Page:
The Economist published an article this past week titled “Adapt or die” [subscription needed]. It is an informative article and starts to address the issue of vulnerability that has been emphasized on Climate Science (e.g. see).
A focus on critical resources (e.g. energy, food, water, medical support) which is local and regionally focused, is a much more effective framework to assist society in reducing the risks from the diverse range of threats that face society and the environment. This resource based emphasis is a much needed replacement to the almost exclusive focus on downscaling from multi-decadal global models as promoted using the IPCC and CCSP perspectives.
There are a two glaring errors, however, in the Economist article. The first is their statement that two things have changed attitudes towards adapation;
“One is evidence that global warming is happening faster than expected. Manish Bapna of the World Resources Institute, a think-tank in Washington, DC, believes ‘it is already too late to avert dangerous consequences, so we must learn to adapt.’”
“Second, evidence is growing that climate change hits two specific groups of people disproportionately and unfairly. They are the poorest of the poor and those living in island states: 1 billion people in 100 countries.”
The author(s) of the Economist article have ignored that global warming has actually halted, at least for now. The upper ocean heat content data indicates that there has been no warming since 2004 (see), while the tropospheric temperature data indicates no warming for about 7 years (e.g. see Figure 7). Global warming is actually “happening more slowly than expected”.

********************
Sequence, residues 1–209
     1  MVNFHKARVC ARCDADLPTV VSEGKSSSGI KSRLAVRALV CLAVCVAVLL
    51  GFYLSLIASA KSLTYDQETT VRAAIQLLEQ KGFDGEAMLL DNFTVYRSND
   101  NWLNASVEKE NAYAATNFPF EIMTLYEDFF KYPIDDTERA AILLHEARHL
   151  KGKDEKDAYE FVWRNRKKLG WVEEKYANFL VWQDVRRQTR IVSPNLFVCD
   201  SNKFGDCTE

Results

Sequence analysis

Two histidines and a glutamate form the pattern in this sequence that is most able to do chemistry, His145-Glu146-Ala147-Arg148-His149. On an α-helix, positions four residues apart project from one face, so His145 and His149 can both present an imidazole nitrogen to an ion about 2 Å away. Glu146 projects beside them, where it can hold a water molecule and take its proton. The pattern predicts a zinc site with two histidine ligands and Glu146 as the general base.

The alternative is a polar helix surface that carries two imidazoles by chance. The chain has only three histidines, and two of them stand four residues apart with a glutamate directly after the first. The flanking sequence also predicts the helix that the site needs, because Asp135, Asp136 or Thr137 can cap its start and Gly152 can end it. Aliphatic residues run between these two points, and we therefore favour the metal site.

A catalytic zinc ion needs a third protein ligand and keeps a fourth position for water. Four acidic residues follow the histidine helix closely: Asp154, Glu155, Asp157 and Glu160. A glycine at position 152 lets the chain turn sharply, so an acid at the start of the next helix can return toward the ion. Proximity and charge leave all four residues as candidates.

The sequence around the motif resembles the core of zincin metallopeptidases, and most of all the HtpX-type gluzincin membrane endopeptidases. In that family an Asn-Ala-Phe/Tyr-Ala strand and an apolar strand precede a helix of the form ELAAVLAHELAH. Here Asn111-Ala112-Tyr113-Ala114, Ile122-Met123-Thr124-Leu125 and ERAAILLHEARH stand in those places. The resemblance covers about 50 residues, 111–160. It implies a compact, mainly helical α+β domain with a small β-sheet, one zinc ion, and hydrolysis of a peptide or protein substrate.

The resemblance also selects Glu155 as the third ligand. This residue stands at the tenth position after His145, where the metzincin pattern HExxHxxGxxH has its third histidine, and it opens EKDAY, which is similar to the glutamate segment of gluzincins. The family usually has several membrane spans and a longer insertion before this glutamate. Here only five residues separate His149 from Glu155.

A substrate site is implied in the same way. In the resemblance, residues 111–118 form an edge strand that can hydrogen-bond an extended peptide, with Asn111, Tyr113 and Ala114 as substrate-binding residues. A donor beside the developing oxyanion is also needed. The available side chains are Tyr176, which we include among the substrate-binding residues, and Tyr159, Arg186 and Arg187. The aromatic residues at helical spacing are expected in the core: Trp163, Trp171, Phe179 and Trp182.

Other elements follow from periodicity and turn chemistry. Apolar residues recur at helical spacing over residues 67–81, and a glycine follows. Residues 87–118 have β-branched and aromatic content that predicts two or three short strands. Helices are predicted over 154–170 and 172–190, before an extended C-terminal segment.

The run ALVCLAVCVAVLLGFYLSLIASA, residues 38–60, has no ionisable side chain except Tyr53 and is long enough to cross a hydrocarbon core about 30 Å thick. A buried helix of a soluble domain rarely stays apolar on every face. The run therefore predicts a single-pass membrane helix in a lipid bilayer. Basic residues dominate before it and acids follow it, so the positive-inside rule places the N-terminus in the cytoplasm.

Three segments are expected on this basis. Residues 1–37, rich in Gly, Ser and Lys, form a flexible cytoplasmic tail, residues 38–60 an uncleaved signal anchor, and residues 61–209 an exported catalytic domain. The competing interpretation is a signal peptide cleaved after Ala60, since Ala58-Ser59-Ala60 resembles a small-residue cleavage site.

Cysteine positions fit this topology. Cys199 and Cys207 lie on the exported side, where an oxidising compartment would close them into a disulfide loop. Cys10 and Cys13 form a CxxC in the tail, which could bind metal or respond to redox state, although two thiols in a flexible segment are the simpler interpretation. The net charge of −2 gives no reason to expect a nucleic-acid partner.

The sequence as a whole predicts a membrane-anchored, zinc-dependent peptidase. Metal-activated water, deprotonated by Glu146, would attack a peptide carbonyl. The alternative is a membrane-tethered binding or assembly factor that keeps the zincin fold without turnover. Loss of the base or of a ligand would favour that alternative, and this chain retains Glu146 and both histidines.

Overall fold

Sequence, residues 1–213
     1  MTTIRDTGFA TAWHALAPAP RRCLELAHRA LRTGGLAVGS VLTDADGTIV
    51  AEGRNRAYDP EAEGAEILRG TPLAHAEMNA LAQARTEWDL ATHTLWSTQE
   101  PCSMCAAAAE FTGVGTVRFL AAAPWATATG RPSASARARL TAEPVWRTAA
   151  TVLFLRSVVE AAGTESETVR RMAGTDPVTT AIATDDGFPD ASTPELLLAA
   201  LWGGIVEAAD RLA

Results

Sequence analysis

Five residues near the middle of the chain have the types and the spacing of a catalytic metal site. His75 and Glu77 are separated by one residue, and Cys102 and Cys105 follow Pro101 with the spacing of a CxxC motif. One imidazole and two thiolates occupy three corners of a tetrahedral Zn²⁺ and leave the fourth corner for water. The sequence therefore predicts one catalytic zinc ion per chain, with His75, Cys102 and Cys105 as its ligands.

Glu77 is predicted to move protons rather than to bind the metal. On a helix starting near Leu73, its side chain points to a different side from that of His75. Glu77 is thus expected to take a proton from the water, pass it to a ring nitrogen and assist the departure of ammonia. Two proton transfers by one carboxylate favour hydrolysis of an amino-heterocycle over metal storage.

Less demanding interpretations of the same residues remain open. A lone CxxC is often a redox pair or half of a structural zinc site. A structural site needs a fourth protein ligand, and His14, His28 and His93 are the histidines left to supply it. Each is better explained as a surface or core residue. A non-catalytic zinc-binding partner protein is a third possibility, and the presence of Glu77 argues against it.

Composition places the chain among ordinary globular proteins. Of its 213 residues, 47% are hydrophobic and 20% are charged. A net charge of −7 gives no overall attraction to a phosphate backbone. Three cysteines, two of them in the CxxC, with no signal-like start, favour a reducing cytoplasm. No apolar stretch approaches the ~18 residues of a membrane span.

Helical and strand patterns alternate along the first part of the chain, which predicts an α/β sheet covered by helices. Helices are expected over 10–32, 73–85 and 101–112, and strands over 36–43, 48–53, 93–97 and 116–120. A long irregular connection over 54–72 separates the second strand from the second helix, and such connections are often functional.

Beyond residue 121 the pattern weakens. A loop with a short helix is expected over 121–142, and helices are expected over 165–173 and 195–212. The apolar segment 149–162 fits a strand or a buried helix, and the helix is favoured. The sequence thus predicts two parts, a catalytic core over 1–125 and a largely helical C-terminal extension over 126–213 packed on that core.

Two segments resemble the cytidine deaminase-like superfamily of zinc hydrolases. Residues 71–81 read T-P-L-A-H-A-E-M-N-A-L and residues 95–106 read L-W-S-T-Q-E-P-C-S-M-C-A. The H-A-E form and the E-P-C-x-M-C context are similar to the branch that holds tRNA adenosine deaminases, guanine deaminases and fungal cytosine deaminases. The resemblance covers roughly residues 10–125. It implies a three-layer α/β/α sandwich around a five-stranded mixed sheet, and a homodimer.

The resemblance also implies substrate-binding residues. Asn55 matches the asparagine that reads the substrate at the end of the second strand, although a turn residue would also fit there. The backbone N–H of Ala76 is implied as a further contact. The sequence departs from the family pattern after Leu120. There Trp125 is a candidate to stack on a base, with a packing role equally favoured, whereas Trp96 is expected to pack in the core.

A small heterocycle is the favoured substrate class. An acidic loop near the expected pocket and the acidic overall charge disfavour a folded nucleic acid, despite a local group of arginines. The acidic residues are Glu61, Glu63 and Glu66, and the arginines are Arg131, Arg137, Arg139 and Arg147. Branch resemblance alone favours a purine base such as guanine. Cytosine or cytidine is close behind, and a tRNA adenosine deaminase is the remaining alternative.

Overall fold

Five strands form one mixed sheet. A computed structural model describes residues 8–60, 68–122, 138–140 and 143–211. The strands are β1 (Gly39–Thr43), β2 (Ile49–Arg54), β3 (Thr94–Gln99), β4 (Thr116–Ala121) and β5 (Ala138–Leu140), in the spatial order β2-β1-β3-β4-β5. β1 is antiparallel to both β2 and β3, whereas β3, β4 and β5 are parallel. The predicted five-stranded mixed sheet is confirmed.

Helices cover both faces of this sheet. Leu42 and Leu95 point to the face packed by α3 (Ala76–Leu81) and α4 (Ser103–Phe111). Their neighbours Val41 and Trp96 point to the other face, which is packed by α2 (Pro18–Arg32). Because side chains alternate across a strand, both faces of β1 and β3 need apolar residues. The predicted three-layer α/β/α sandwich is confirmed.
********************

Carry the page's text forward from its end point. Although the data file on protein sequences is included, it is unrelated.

With respect to the second comment, climate has always affected the poor more significantly than the rich. Climate variability has always been a major issue in those societies in which their food, energy, water and health facility infrastructures are underdeveloped. These poor societies face threats from famine and disease regardless of the role of humans within the climate system! Adaptation is common sense and should be a much higher priority than it has been given. The IPCC emphasis on CO2 as the reason for increased risk ignores the need for a much broader perspective to reduce vulnerability. A more inclusive framework is presented in Chapter E in the IGBP book
Kabat, P., Claussen, M., Dirmeyer, P.A., J.H.C. Gash, L. Bravo de Guenni, M. Meybeck, R.A. Pielke Sr., C.J. Vorosmarty, R.W.A. Hutjes, and S. Lutkemeier, Editors, 2004: Vegetation, water, humans and the climate: A new perspective on an interactive system. Springer, Berlin, Global Change – The IGBP Series, 566 pp
See, for example, the first paragraph in
Pielke, R.A. Sr., and L. Bravo de Guenni, 2004: Conclusions. Chapter E.7 In: Vegetation, Water, Humans and the Climate: A New Perspective on an Interactive System. Global Change – The IGBP Series, P. Kabat et al., Eds., Springer, 537-538.
Thus, while the Economist article is a good start, the authors should recognize that a local and regional focus on societal and environmental vulnerability is a much more effective framework to reduce the threats that humanity and the environment face, than to rely on multi-decadal global model predictions.